Presentation on theme: "Copper Germanium Nanowires: Synthesis, Fabrication, and Applications"— Presentation transcript:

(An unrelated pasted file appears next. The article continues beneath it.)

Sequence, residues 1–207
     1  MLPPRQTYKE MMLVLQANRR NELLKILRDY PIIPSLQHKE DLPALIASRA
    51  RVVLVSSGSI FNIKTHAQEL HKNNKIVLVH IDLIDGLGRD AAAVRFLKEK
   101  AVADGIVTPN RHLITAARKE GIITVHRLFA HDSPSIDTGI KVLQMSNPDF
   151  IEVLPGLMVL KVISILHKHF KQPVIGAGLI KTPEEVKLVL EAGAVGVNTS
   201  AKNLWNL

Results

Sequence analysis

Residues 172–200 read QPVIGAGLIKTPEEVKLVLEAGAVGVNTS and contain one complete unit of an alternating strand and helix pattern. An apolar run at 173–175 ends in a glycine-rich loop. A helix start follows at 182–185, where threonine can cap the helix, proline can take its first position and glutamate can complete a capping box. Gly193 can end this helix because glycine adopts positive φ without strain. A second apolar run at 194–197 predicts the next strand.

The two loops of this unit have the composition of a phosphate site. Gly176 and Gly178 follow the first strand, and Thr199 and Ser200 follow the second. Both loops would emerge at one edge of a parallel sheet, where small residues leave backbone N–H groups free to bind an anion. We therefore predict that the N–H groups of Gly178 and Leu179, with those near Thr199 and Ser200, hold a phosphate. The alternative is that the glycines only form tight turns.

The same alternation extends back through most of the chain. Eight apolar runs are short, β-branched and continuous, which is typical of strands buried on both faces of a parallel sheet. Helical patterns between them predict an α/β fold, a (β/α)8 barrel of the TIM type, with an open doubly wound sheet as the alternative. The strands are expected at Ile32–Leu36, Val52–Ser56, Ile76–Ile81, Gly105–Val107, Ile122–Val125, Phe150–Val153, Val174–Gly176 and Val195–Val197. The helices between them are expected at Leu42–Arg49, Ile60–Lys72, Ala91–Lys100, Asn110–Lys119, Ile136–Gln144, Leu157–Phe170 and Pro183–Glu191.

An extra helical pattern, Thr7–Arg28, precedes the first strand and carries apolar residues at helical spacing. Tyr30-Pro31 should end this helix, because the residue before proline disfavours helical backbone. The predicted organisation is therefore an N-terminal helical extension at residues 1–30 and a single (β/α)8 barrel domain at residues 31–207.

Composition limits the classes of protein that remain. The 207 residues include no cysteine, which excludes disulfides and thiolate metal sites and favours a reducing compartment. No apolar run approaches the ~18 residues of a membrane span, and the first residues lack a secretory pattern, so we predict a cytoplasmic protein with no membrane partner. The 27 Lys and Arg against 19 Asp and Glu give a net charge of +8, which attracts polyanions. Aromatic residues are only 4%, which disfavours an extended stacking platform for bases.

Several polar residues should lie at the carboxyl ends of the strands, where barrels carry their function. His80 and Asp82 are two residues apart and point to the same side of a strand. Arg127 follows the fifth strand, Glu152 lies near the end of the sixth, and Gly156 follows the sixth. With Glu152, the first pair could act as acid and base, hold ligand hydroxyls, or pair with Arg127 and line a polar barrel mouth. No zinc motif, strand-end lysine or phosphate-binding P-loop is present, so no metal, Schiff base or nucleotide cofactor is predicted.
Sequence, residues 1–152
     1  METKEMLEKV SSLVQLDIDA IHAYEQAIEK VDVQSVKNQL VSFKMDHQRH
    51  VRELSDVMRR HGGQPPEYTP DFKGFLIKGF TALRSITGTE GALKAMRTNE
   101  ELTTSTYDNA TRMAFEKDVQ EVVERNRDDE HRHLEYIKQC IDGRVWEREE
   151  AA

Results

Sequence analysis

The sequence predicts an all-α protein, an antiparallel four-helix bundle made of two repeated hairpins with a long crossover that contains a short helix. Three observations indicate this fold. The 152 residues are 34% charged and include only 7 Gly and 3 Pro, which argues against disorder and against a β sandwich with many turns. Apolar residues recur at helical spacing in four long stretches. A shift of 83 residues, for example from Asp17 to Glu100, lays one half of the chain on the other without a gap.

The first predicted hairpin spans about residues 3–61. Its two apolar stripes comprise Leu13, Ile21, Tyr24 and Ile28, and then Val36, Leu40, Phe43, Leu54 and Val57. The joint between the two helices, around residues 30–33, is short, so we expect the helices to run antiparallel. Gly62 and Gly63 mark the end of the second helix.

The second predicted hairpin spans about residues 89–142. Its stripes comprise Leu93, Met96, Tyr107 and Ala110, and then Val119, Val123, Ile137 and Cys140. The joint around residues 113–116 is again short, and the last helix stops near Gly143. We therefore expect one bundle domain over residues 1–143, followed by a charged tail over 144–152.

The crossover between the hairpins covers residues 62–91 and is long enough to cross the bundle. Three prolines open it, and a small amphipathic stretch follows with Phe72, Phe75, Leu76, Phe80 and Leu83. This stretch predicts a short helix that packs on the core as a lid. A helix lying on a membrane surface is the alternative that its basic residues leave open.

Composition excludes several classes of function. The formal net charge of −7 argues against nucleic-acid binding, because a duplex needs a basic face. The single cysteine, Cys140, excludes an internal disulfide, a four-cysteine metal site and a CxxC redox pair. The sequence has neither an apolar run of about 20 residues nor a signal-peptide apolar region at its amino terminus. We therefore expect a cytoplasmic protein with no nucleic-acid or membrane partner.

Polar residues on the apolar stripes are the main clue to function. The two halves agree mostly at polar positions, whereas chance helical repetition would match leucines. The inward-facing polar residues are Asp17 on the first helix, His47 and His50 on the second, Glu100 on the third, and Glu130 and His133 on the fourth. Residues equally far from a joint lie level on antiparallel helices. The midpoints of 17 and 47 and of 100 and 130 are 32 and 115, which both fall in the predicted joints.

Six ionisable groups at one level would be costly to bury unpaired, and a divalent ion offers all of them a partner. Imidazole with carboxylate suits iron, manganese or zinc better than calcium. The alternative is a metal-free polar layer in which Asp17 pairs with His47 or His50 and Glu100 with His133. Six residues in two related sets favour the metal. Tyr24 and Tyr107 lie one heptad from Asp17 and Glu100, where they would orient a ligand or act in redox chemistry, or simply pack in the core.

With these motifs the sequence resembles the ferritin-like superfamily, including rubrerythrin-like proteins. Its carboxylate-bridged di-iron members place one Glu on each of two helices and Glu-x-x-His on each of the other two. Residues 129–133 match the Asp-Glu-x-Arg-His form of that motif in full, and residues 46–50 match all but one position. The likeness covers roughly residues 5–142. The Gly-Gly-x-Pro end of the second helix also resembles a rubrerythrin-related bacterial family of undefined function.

1 Copper Germanium Nanowires: Synthesis, Fabrication, and Applications Jimmy Kan, Keith Chan, Zhonglin Wang, Deli WangUCSD Department of Electrical and Computer EngineeringIntroductionFabrication and CharacterizationCopper germanium thin films have been researched as a possible candidate for contacts and interconnects in VLSI applications.Copper germanium in the ε1-Cu3Ge phase demonstrates considerable advantages over pure copper in metallization applications.Typical copper germanium films display low resistivity (less than 10μΩ cm as observed by IBM) over broad temperature ranges while inhibiting the fast interstitial diffusion of copper atoms into silicon.Nanowires were transferred from the growth Si substrate to 1.0cm x 1.0cm SiO2 substrates for placement of contact pads.A 2.0μm thick layer of Shipley S1818 positive photoresist is spun onto the SiO2 as the first step in defining the contacts. The substrates are exposed for 15 seconds under a Karl Suss MA-6 mask aligner and then developed in MP-319 developer for 10 seconds.30nm of a titanium sticking layer and 300nm of gold for the contacts were sputtered onto the substrates. The contacts are defined after an acetone lift off and wire bonding links the contacts to a chip for characterization of electrical properties.The electrical properties of the device are measured using a Quantum Design Model 7100 Physical Property Measurement System. Current-Voltage measurements are performed from 345K down to 2K and resistivities are calculated using known nanowire dimensions.30μmA=1.25x10-9 μm2-0.4-0.20.20.4-10-55Voltage (V)Current (mA)I-V for Cu3Ge at 345KSynthesis of NanowiresNanowires were grown on silicon <100> substrates via the vapor-liquid-solid (VLS) mechanism.0.5cm x 1.0cm silicon substrates were sputtered with a 5nm thick film of gold to be used as a catalyst.The substrates were placed 11-13cm downstream in a 1 inch diameter Lindberg Blue tube furnace with the source material, finely ground germanium and copper powder in a 1:1 molar ratio, placed at the furnace center.Ultra high purity argon acted as the carrier gas for transport of the vapor to the substrates downstream.The growth parameters for Cu3Ge nanowire growth included a 10 minute ramp to 900° C, 60 minutes of growth at 900° C, and cooling to 400° C before substrates were removed. The carrier gas flow rate was 70sccm.Nanowire morphologies were examined using a scanning electron microscope. At the same time, energy dispersive x-ray spectroscopy was performed on the nanowires to determine composition. Transmission electron microscopy (TEM) imaging was carried out to determine the crystallinity and for confirmation of the structure and composition.Results and DiscussionA plot of resistivity vs. temperature shows decreasing relative resistivity change as the system is cooled below 20K.Applicationsg2g1500 nmRemarkably low resistivity and stability against oxidation of Cu3Ge nanowires at all tested temperatures proves it an ideal candidate for interconnects in VLSI metallization applications. Other reports have demonstrated this low resistivity in Cu-Ge film systems up to at least 800K.The cryoresistance properties can be amply exploited in development of electron tunnel junctions which call for materials that easily form ohmic contacts with gold and demonstrate little or no change in resitivity as temperatures decrease towards 0K.D1(g1) ~ 2.87AD2(g2) ~ 4.04Aa(g1-g2) ~ 112 degree4 nmThe electron diffraction pattern and TEM images of the nanowires confirms that the growth is single crystalline and composition is consistent.Scalable Integration through the Langmuir-Blodgett Method…GeChemical Vapor Deposition (CVD) Setup for Growth of Cu3Ge NanowiresTransfer aligned NWs to substrate for use in devices through lithographic processing and monolayer deposition techniquesWires are ultrasonicated to separate them from the substrate, coated with an appropriate amphiphilic surfactant, and are dissolved in a non-aqueous volatile solvent.Compressive surface pressure is applied to align the nanowires.The Langmuir-Blodgett method can be effectively used with Cu3Ge nanowires for applications in large area interconnects when registration of individual nanowire-electrode contacts is not ideal.Nanowires can be precisely organized and controlled over large areas for formation of Cu3Ge nanowire interconnection arrays enabling the assembly and fabrication of a wide variety of future nanodevices.A binary alloy phase diagram of Cu-Ge depicts the temperature range for the formation of Cu3Ge. This stoichiometric ratio is verified in the Cu3Ge nanowires through energy dispersive x-ray spectroscopy.Illustration of the growth process occurring within the CVD furnace during VLS growthThe Cu-Ge nanowires grown were approximately 25-35% germanium according to EDX data.Other stoichiometric combinations were not achieved when modulating the growth conditions due to the nature of Cu-Ge phase formation. As can be seen in the Cu-Ge phase diagram above, other binary phases are not possible within the temperature range of the nanowire growth. The Copper to Germanium ratio achieved represents a stable, thermodynamically favorable phase of a Cu-Ge binary compound.Analysis of the diffraction patterns reveals that the Cu3Ge grown in nanowire form is single crystalline and the composition is consistent throughout the wire.The Cu3Ge nanowires demonstrate remarkably low resistivity of about 10 μΩ cm at room temperature.Rate of decrease in resistivity is dramatically reduced as temperatures drop below 20K, revealing that Cu3Ge nanowires are exceptional cryoresistor candidates.Summary1μmCu3Ge nanowires have been successfully synthesized through thermal chemical vapor deposition and possess high crystal quality as indicated by TEM analysisThin film Cu3Ge’s exceptional interconnection properties are scalable in the form of single-crystalline nanowiresCu3Ge nanowires demonstrate cryoresistor properties as relative resistivity changes decrease as the system is cooled below 20KAcknowledgmentsThe authors greatly appreciate the assistance of Dr. Xinyu Bao in the fabrication of the nanowire devices and Dr. Eric Fullerton for providing the PPMS for device characterization.The authors would also like to thank CalIT2 for providing a fantastic fellowship program, funding, and great support of the research.SEM image of nanowires on Silicon. The wires are generally tapered and average 400nm in diameter and grow up to 250 μm in length .